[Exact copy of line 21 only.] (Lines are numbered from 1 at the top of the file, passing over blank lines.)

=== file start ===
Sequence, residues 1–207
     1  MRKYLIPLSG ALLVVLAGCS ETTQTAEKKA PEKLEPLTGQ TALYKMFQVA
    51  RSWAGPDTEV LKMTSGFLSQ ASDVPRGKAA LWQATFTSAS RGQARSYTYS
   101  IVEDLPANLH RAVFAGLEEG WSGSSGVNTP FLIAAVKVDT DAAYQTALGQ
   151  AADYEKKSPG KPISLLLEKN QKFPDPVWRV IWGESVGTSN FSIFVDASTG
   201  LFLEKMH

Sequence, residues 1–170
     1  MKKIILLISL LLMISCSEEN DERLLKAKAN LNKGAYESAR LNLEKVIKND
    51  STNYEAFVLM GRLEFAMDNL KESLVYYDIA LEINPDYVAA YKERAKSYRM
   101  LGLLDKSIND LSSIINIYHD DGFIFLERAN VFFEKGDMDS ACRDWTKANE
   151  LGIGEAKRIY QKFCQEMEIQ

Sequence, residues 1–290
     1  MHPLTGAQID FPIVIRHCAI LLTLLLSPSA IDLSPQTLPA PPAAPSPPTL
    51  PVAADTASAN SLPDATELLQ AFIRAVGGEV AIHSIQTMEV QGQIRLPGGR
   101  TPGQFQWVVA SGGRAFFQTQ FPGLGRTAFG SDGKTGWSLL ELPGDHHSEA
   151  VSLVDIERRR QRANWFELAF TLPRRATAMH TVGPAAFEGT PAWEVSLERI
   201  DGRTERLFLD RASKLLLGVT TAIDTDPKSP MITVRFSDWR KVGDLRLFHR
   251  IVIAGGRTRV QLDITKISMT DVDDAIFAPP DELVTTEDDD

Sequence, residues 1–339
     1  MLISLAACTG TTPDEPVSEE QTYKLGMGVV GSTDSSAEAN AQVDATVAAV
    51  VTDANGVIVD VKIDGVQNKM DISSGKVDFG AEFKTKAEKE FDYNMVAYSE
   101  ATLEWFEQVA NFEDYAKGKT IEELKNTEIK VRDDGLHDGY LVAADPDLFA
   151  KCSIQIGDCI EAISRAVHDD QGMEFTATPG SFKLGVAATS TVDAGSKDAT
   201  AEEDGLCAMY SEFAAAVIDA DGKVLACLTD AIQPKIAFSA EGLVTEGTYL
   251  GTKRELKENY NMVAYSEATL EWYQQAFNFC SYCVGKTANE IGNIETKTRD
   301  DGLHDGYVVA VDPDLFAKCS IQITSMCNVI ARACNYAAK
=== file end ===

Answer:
    51  VTDANGVIVD VKIDGVQNKM DISSGKVDFG AEFKTKAEKE FDYNMVAYSE